Preview of Schools of the Future?
The reductio ad absurdum of the school accountability movement can be seen at National Envelope Co. You're no doubt asking what a manufacturing company can possibly have to do with public education. Please bear with me.
As reformers demand measurable evidence of increased learning, they point to businesses as a model. If schools were operated like enterprises, they claim, then students wouldn't be shortchanged. That's where National Envelope Co. comes in because it has incorporated many of the strategies that reformers advocate ("As employers push efficiency, the daily grind wears down workers," Los Angeles Times, Apr. 7). In an attempt to maximize operations, the company has resorted to rigorous performance quotas. To achieve this goal, it uses video cameras and software to track what workers do every minute. They also are expected to respond to e-mail at night and on weekends. (The Los Angeles Times identified other companies using these tactics as well.)
Some of these practices are already in place in public schools. Teachers are under enormous pressure to produce evidence that their students have learned, regardless of their backgrounds. The widespread cheating scandal in Atlanta is the latest example, with more likely to come. Just as workers in manufacturing are closely monitored, some public schools have adopted that technique through the use of daily scripted lesson plans provided by testing companies. Those who post high test scores are given bonuses, while those who don't are given warnings that lead to dismissal. Teachers are also being urged to make themselves available to students and parents at the end of the school day via e-mail.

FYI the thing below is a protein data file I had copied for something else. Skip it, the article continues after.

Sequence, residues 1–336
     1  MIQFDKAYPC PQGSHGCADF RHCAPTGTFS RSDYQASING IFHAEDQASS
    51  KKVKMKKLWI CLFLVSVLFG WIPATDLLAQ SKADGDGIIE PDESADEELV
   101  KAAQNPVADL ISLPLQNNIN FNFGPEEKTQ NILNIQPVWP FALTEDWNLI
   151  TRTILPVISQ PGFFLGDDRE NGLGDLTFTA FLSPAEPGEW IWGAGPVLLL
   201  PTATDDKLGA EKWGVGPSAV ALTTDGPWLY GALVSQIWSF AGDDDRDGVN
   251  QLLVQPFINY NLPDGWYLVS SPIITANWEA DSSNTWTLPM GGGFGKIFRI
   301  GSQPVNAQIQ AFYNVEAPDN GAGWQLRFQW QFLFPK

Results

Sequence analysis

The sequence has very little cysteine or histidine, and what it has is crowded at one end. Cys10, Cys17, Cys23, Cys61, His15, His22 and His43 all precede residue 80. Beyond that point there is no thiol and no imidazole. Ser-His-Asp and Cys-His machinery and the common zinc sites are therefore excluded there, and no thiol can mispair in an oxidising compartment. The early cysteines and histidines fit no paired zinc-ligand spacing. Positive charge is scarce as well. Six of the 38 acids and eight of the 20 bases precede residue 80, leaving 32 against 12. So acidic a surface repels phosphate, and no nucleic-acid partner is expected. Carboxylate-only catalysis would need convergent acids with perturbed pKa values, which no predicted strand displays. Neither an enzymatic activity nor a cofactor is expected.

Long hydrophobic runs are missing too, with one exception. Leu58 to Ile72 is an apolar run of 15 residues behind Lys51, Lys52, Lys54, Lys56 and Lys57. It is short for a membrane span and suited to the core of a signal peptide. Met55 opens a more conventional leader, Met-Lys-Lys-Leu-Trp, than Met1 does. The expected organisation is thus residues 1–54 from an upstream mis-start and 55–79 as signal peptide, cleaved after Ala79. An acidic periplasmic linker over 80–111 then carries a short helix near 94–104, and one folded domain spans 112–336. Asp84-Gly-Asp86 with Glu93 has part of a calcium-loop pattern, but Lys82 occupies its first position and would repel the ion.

Not surprisingly, teacher morale is at its nadir. I've written before about compassion fatigue and why it threatens recruitment and retention of top talent. But I don't think its true effects are fully understood. It's stressful enough trying to teach subject matter to scores of students each day without having to work in a Panopticon. For readers unfamiliar with the term, it was the brainchild of Jeremy Bentham, an English philosopher who published his ideas in 1791. It was designed for prisoners who were being observed in their cells at all times. The difference is that teachers in the classrooms of the future could be the subject.
I hope I'm wrong about the direction that public schools are moving. But if schools are run like businesses, what's to prevent them from becoming more like National Envelope Co.?